Toronto Mendelssohn Choir honours and remembers Canada’s Indigenous Veterans in a Remembrance Day concert

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The Toronto Mendelssohn Choir’s next online concert, to stream on Remembrance Day, will reflect on and honour the experience of Indigenous Veterans. The TMC, under conductor Simon Rivard, is joined by composer and guest curator Andrew Balfour, and Elder Dr. Duke Redbird for a program that brings together choral music, poetry and dance.

The centre piece of the program is Andrew Balfour’s Notinikew. Movements of the work will be sung by Andrew’s Winnipeg-based Camerata Nova and by the Toronto Mendelssohn Choir.

Andrew says of this choral drama:

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“Notinikew is an anti-war piece, an Indigenous identity piece – a tragedy that speaks not just about World War I, but all wars and all Indigenous soldiers. Why did these Indigenous warriors leave our forests and plains to enter a totally foreign military world and end up fighting in the midst of a true hell on earth? “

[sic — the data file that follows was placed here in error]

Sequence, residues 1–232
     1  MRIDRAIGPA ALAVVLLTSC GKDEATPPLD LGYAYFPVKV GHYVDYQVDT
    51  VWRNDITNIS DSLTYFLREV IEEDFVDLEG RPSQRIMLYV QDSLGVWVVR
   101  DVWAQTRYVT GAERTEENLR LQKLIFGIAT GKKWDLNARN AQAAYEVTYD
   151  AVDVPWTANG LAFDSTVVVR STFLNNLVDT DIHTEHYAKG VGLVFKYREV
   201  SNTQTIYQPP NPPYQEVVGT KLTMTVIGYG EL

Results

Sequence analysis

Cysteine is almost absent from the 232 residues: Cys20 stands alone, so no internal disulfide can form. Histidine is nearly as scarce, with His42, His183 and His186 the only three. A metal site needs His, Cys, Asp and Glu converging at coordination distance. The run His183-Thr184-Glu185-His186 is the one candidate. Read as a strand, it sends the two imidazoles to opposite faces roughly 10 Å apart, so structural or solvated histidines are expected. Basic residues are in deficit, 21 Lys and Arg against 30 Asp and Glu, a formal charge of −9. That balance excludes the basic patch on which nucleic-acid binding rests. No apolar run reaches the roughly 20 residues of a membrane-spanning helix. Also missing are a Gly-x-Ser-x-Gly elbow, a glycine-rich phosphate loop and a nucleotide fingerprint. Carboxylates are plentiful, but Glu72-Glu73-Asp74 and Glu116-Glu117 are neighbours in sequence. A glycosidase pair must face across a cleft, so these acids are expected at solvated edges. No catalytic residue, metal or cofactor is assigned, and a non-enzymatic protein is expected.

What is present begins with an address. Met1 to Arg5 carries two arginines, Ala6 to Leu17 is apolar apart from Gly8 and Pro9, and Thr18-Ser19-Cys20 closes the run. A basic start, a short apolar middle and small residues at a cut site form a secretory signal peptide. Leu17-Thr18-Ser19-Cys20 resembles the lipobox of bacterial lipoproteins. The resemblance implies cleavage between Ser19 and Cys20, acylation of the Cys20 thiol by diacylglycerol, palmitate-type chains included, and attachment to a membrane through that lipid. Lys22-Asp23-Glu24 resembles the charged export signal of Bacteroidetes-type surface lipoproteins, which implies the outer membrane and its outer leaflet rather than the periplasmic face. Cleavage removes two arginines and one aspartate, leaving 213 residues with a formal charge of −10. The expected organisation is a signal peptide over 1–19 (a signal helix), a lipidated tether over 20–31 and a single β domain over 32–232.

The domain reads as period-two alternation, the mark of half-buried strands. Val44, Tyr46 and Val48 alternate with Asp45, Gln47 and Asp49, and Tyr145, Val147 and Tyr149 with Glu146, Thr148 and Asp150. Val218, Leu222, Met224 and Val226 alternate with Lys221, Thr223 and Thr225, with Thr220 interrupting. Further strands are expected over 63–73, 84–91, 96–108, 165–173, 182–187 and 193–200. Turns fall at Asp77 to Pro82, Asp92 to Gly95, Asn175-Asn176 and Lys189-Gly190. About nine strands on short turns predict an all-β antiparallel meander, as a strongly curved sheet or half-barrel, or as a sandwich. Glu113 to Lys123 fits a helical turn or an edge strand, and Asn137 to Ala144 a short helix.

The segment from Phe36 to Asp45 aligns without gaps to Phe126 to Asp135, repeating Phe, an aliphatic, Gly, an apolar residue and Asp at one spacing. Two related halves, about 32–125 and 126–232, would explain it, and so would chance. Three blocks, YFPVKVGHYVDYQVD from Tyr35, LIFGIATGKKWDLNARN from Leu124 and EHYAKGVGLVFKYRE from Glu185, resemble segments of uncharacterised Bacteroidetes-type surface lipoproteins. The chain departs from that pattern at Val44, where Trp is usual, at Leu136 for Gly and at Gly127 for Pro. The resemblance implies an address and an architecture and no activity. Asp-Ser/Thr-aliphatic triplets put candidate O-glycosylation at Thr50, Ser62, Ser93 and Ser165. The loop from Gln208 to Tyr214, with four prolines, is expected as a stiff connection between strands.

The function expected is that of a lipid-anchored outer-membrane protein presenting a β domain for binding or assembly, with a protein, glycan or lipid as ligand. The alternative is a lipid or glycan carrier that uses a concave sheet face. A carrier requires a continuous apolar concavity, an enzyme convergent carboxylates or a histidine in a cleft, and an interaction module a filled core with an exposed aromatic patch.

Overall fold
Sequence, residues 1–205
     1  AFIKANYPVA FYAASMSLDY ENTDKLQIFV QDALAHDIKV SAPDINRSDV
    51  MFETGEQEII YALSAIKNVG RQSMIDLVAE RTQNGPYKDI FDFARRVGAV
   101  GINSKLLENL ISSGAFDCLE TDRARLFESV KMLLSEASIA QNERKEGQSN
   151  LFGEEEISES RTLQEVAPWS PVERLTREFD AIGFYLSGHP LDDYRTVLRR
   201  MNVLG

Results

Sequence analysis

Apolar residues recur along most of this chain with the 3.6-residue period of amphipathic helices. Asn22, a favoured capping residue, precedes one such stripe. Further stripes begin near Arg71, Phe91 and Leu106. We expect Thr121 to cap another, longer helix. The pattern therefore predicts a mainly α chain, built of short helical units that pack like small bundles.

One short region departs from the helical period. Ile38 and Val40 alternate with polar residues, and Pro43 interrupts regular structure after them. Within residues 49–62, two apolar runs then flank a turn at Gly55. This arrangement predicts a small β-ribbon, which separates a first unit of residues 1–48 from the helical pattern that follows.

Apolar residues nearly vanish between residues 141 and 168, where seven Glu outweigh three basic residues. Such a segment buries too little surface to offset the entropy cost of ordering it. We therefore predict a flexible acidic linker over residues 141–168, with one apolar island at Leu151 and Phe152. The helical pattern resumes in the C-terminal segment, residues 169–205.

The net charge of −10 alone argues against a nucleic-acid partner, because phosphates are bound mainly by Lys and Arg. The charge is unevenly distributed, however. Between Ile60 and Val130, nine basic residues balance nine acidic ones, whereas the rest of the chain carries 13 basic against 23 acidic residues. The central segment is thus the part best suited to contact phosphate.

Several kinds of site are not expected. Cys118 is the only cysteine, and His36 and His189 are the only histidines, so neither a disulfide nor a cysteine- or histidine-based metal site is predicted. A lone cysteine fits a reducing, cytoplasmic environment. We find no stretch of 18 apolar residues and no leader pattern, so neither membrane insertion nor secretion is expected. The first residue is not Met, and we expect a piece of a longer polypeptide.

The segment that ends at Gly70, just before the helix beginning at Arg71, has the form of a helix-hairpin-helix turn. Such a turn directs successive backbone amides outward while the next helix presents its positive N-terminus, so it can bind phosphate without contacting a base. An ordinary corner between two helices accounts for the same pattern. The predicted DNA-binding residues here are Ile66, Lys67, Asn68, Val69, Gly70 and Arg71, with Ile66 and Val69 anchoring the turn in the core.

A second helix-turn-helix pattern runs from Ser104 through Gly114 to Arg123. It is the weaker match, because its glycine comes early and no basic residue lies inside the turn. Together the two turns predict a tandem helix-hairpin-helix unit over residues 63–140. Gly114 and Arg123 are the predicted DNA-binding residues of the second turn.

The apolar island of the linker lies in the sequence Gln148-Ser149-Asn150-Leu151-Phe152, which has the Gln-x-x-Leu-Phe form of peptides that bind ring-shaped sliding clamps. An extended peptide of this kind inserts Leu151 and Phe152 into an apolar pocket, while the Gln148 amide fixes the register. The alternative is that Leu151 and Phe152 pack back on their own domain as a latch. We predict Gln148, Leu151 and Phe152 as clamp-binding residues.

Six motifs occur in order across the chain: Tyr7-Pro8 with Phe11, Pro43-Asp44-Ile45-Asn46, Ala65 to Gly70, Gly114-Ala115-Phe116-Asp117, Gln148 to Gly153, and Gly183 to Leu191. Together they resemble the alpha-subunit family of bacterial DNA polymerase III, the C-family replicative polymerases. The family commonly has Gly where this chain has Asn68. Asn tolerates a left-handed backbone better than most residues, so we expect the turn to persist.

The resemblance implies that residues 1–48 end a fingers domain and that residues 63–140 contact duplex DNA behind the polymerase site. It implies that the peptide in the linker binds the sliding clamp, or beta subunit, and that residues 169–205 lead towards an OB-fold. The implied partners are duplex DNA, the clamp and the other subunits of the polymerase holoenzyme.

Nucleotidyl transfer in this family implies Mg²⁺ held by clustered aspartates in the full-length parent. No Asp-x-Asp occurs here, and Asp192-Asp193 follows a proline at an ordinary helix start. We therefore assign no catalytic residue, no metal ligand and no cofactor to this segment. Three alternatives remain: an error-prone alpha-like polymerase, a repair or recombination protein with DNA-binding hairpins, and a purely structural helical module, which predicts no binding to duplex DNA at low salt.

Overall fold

Of Cree descent, Winnipeg-based composer Andrew Balfour is an innovative composer, conductor, singer, and sound designer with a large body of choral, instrumental, and orchestral works, including Mamachimowin, commissioned by the TMC for its 125th anniversary gala.

Dr. Duke Redbird is an elder, poet, activist, educator, and artist. With a legacy stretching back to the 1960s, he is a pillar of First Nations literature in Canada, and has practiced a number of art disciplines including poetry, painting, theatre, and film.

To create this program in a time of enhanced Covid-19 restrictions, the TMC has brought together a number of different elements to tell the story: virtual performances with choir, cello and dance created for this concert; recorded performances from pre-Covid-19 concerts by the TMC and by Camerata Nova;  and an “In Conversation” segment recorded in person in October with Simon Rivard, Andrew Balfour and Elder Dr. Duke Redbird.

For more details about the concert, please visit


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